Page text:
True, the conscious patterns of our world were unchanged. The world went on just as before; the endless battle barely paused. But unbeknownst to us, in that holy instant the whole goal of life on earth had been “abruptly shifted to the exact opposite of what it was” (T-17.V.2:4). Before we had pursued the goal of sin. But now we had allowed in the goal of holiness. And from its home, submerged deep in the collective psyche, holiness would inevitably rise up and someday replace all of the world’s battles with the golden silence of God’s peace.
Who else could lead us to this goal but the “tiny newcomer,” the child through which this goal was born? For in that child was contained, as in a seed, all of the holiness the world would someday attain, and all the means for its accomplishment. “In its tiny hands it holds, in perfect safety, every miracle you will perform, held out to you” (T‑19.IV.C.11:5). Though seemingly small and frail, this child contained not only the promise of his adult accomplishments but also the promise of humanity’s awakening.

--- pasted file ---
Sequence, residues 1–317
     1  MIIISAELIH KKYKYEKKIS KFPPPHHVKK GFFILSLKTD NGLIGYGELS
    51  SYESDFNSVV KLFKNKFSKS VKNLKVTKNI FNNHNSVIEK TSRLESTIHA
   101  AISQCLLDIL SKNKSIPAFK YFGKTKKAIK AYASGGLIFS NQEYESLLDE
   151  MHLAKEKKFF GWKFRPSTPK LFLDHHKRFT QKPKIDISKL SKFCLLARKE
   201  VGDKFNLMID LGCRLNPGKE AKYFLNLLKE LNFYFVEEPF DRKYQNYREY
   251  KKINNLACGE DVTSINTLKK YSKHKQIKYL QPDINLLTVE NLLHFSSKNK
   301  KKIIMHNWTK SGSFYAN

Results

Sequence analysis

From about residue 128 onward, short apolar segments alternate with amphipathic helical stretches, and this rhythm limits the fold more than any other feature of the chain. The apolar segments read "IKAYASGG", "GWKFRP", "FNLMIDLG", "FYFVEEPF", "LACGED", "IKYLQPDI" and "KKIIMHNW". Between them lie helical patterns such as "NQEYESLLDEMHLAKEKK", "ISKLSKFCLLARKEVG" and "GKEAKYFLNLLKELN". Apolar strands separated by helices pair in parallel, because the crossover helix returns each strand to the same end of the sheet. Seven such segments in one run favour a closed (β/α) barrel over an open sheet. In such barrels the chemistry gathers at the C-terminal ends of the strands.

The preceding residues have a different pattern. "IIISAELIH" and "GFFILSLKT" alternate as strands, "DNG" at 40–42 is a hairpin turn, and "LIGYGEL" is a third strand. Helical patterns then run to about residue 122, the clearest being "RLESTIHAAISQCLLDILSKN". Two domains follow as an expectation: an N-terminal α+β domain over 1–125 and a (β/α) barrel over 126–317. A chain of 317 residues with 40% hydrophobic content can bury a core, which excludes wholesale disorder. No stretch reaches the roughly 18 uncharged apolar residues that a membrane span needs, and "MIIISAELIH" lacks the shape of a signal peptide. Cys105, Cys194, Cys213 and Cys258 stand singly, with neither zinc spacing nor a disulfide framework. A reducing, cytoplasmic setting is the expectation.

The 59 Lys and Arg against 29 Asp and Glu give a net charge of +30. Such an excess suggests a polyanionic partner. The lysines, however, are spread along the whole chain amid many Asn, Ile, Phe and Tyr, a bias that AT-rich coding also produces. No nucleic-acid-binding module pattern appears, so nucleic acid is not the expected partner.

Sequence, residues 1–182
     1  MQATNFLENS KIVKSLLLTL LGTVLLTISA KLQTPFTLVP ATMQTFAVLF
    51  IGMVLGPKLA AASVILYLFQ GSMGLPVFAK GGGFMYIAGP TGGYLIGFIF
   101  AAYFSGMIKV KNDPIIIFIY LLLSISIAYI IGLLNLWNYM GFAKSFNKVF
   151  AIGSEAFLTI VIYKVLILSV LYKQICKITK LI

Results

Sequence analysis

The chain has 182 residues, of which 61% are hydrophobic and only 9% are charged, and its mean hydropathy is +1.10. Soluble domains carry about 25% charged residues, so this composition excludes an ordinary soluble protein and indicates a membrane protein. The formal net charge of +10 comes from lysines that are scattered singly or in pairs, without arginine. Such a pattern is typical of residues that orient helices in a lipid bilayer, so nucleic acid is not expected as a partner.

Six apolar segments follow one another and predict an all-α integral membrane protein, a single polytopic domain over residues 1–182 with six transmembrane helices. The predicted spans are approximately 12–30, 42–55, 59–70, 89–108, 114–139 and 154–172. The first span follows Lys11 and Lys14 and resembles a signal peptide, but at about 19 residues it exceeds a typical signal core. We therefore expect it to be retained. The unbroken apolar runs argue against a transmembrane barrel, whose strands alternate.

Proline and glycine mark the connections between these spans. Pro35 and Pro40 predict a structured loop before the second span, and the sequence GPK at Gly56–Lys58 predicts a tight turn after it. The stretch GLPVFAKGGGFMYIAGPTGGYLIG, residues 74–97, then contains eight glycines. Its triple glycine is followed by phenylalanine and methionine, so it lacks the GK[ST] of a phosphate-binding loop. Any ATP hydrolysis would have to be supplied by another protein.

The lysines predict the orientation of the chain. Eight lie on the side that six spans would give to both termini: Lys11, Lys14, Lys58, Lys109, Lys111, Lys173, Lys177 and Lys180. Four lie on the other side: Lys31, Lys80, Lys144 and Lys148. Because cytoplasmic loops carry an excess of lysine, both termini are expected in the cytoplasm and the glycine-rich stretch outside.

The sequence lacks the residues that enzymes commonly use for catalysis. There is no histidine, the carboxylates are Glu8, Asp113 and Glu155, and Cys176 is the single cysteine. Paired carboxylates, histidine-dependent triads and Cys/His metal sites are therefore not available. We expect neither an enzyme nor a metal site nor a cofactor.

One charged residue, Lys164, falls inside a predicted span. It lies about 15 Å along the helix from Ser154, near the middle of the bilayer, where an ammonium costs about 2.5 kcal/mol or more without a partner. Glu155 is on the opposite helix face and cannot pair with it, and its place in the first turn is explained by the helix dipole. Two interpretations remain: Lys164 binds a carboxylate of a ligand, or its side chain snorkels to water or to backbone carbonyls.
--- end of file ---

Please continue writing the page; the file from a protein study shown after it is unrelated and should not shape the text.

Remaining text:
But as yet it is just a promise. The child must grow up. Therefore, “The infancy of [global] salvation is carefully guarded by love, preserved from every thought that would attack it, and quietly made ready to fulfill the mighty task for which it was given you” (T-19.IV.C.10:3). As Jesus grows up the holiness that entered at his birth finds an opening through which it can flow out into the world. It pours out through his words and through his deeds. And in his final act it is fully released, and leaps beyond the body, beyond locality, to reach the entire world.